Southern Brandywine Battlefield Project Reveals New Findings

There’s so much history here in Chester County – from the roads we travel, to the places we visit, and sometimes even right in our own backyards. In fact, almost 250 years ago there were thousands of soldiers marching across the Brandywine Valley in what would come to be known as the largest single-day-land-battle of the entire American Revolution. While some elements of the Battle of Brandywine remain obvious, others must be “uncovered” in order to help understand and share their story.

In mid-December, the Chester County Planning Commission hosted a Brandywine Battlefield Task Force virtual event presenting new findings about the Battlefield’s southern landscapes discovered through a regional planning grant project, which was funded through the American Battle Protection Program. The event featured presentations from local Battlefield planning, historic military archeology, and research professionals, with a warm welcome and opening remarks by the County Commissioners.

“One of the hallmarks of Chester County is the celebration of our long history and the preservation of our historic structures and landscapes,” commented Commissioners’ Chair Marian Moskowitz. “This is particularly evident in tonight’s program, where we are recognizing the partnership between the County’s Planning Commission and Archives Department, our local historical commissions, and professional archeologists and military historians.”

Commissioner Josh Maxwell spoke next, noting the significance of the Brandywine Battlefield project when it comes to connecting residents and visitors to local history. “This program has been designed to feature the sites where you and your family can visit to explore the remarkable preserved landscape, and try to imagine what it would have been like to have 30,000 soldiers and camp followers descend on our Brandywine Valley almost 250 years ago,” said Maxwell. “Within your community you can still see what British, Hessian, and American soldiers and community members like yourself also saw. You can learn about preserved buildings which are still lived in today, open lands across which troops marched and walked, and roads you travel that were British marching routes.”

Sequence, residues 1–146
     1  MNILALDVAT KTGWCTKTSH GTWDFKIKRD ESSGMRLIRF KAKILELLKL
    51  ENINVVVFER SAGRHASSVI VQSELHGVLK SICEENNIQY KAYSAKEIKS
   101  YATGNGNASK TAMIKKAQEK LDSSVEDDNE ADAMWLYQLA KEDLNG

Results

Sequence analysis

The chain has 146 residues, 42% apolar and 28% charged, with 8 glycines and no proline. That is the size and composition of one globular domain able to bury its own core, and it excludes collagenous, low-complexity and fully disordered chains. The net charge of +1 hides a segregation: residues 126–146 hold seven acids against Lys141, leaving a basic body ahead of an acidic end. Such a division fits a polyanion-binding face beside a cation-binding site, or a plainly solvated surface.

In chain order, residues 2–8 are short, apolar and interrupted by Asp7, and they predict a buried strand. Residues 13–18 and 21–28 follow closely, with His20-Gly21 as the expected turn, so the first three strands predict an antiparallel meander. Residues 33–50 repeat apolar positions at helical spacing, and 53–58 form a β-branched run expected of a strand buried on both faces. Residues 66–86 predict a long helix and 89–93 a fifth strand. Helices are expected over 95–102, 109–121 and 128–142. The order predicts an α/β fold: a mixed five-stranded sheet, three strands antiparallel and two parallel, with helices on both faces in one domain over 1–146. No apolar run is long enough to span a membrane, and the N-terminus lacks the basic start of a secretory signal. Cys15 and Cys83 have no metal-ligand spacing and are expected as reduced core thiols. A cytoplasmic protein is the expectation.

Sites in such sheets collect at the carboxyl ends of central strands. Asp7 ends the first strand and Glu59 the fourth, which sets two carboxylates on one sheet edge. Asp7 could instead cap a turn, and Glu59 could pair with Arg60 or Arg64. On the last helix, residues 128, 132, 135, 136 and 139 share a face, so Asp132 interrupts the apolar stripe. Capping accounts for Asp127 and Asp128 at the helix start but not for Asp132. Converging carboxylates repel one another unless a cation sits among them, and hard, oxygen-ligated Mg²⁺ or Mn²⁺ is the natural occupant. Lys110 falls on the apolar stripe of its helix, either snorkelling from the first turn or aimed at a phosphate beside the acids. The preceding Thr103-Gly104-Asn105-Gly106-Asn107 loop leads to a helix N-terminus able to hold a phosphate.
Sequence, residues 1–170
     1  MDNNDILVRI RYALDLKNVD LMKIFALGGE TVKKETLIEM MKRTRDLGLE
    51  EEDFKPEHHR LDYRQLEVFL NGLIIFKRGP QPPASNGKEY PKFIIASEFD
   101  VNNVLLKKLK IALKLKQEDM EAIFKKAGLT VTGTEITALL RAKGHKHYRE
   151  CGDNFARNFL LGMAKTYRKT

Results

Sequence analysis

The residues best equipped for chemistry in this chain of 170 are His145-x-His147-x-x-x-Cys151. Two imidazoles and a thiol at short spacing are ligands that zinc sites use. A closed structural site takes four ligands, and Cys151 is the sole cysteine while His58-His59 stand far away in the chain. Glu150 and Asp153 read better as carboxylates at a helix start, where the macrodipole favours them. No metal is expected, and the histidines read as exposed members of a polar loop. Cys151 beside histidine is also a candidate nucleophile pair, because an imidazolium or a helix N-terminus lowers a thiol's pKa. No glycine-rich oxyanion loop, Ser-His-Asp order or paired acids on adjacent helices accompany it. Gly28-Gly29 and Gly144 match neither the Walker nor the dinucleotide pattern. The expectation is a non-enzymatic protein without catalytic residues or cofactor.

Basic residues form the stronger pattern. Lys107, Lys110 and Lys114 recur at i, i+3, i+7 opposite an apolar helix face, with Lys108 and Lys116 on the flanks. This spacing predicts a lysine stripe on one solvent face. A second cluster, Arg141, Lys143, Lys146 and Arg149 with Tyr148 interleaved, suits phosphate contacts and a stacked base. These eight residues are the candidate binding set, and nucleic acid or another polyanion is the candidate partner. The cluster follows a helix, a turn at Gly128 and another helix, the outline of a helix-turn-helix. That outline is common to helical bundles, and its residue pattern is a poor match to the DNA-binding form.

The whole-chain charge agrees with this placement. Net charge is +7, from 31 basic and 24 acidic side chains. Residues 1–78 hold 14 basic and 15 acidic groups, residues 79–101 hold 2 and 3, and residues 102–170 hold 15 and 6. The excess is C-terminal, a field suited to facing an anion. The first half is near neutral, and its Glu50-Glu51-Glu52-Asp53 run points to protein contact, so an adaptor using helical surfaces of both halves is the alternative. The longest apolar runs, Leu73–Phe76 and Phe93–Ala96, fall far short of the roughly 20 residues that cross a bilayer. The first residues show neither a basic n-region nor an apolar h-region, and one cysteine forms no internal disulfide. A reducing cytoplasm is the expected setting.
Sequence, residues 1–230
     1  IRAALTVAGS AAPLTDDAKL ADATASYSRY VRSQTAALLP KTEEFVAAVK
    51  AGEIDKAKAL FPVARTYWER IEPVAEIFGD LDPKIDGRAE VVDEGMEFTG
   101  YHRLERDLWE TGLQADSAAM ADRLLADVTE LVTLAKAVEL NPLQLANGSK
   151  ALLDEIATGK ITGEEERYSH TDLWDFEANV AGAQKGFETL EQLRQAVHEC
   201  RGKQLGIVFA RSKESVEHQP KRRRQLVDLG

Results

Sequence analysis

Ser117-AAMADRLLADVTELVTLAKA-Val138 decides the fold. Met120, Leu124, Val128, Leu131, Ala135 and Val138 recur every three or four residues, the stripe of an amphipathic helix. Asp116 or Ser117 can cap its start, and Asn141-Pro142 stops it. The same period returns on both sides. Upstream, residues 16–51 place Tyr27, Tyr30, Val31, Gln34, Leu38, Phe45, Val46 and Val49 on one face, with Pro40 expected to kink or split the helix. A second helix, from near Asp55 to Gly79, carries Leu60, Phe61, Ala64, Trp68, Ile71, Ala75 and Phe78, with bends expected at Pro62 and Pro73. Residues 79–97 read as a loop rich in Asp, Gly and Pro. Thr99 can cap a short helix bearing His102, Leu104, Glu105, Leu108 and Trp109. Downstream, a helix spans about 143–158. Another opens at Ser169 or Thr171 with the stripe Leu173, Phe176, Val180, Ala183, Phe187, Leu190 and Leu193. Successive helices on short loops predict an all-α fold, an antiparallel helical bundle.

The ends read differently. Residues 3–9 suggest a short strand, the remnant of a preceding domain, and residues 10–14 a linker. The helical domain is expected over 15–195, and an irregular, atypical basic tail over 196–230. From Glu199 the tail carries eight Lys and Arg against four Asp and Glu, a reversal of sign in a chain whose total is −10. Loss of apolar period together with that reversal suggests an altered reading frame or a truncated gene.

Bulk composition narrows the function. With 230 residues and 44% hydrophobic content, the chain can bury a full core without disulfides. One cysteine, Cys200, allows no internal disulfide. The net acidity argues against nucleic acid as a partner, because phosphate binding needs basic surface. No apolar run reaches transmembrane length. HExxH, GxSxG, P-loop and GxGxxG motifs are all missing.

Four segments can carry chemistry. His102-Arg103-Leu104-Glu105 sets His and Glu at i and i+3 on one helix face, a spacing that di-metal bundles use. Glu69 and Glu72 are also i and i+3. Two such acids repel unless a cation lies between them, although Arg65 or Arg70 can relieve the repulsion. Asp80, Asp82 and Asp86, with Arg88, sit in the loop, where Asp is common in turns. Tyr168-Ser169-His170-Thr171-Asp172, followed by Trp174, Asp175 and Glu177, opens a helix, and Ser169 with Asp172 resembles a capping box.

“Our special thanks goes out to the southern battlefield municipalities, where the early stage of the battle took place,” commented Commissioner Michelle Kichline. “For their work to preserve and tell this story – and for the work that the Brandywine Task Force has done, and all of our historical commissions and the work that they do to document and preserve our history.”

Jeannine Speirs, Project Manager and Senior Community Planner with the Planning Commission, presented background information on the Battle of Brandywine, including its significance ‘in a nutshell’ and how the battle became recognized in National History. She also provided historical resources and other information which can be helpful for those who are interested in taking a deeper dive into the history of the battle. Speirs represents the Planning Commission on the Brandywine Battlefield Task Force, serving as an Administrator.

Next, Wade Catts, Project Archaeological Consultant from South River Heritage Consulting, highlighted various methods of research which led to new findings and battlefield discoveries, as well as newly discovered Battlefield sites! Catts featured sites, roads, and buildings, such as meetinghouses and taverns, which defined 18th century landscapes (there were not small or rural towns like there are today), played a role in the battle and you can still see/experience today. For example, clarified through this project is the nature of the events of the American advanced guard defenses strategy and the culminating “running battle” that occurring through General Maxwell’s American light infantry orchestrated a series of skirmishes with the advancing Eastern Crown Forces column as they advanced east along the 1743 Great Nottingham Road (Baltimore Pike). These engagements led to the major combat that took place further east throughout the remainder of the day.

Closing the program, John E Smith III from the Chester County Archives Department spoke about researching the 1777 properties and roads, as well as a family story which was uncovered through the process (the Graves family). He also highlighted the county’s 1777 Property Atlas, which provides a glimpse into what the battle-era landscape looked like (public roads, property owners, points of interest, and British plundering).

This was a well-attended event with at least 260 people. To view the live webinar recording, visit

To view the PDF document, “The Army Marched at Dawn – Southern Battlefield Strategic Landscapes Plan,” visit

To learn more about the Brandywine Battlefield project, including next phases and other information, visit